While we are proud of our educational excellence – 10 of our elementary schools have been named “exemplary,” as have both of our high schools – our students continued to be weak in math achievement year after year.

Yet, just increasing the amount of time that students were spending practicing math was not producing the improvement that was so critically needed. Our district chose Ascend Math for the intensive instructional math intervention that would put our students back on track to tackle higher level high school math and be prepared for the rigors of college math courses.

When Ascend Math was first introduced, some of our teachers had doubts. As one teacher said, “Administration made me go to the Ascend training in December. I didn’t want to go. I knew I wouldn’t like it.”


Roughly half of U.S. superintendents to retire soon

A new report examines how the superintendency is changing.

Today’s school superintendents are more likely than they were 10 years ago to be women, and to be older—and nearly half are planning to retire in the next five years, according to a study released by the American Association of School Administrators (AASA).

“The American School Superintendent: 2010 Decennial Study” is based on a survey of nearly 2,000 superintendents from school districts across the U.S. It examines historical and contemporary perspectives on the superintendency, characteristics and demographics of superintendents and their districts, superintendents’ professional experiences and relationships with school boards, the nature of the school superintendent role itself, and the social and political climate in which a school superintendent works.

The survey suggests that a diverse knowledge of many subjects, including law, finance, and technology, is desirable for today’s superintendents, who face myriad challenges in leading the 21st-century school system.

More recent stories about district superintendents and school administration:

Dan Domenech talks about the future of technology in schools

How to spur more technology use in the classroom

What U.S. schools can learn from abroad

The work is one is a series of similar studies conducted every 10 years since 1923 and provides a national perspective about the roles and responsibilities of the contemporary school superintendent.

AASA Executive Director Dan Domenech said a superintendent can use the report as a benchmark to compare his or her job with other superintendents around the nation.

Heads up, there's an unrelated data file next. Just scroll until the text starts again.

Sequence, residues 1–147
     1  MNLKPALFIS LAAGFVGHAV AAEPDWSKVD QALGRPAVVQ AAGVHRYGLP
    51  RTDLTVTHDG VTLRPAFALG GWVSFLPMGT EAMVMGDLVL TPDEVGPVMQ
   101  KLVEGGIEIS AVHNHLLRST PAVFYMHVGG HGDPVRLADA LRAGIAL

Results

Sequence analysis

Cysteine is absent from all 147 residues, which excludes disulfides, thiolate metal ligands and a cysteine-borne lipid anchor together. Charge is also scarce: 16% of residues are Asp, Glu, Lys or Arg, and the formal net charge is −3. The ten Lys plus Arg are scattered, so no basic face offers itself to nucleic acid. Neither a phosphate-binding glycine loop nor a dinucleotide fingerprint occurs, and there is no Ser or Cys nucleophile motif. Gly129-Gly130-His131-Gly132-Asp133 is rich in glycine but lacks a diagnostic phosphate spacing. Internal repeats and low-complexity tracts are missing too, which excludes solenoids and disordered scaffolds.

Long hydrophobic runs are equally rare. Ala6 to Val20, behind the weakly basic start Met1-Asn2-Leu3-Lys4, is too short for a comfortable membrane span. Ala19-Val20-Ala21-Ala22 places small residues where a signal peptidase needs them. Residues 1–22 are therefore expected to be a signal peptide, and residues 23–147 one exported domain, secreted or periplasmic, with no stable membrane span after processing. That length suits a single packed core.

“The report is a thorough analysis of the work of the superintendent, focusing on issues, challenges, and concerns,” Domenech said.

It details important information such as “how much time is spent on various activities? What are the pluses and minuses of the many community stakeholders a superintendent interacts with? What skills prove most beneficial in getting the job done? How do superintendents relate to school board members?” he added.


Readers sound off on value-added model, district efficiency

While reader response was mixed, many readers were skeptical of these new measures.

In recent eSchool News stories, we asked readers if teachers should be evaluated using the value-added model, which uses a student’s past performance on high-stakes tests to determine how much “value” a teacher has added in a given year, and whether school districts should be judged based on their efficiency—that is, how well their students achieve in comparison to how much the district spends on each child. The results are in, and our readers were largely skeptical of these controversial measures.

In Contributing Editor Cara Erenben’s story, “Should student test scores be used to evaluate teachers?” Erenben reports on the early results from a Gates Foundation study suggesting that researchers have found some validity in the value-added model. But when asked, “Should the value-added model be used to evaluate teachers?” only four percent of readers said this was a “valid and objective tool for measuring effectiveness.”

Fifty-four percent of readers said the model should be used, “but only in conjunction with other measures of teacher performance.” Forty-two percent of readers said they think the model is “unreliable.”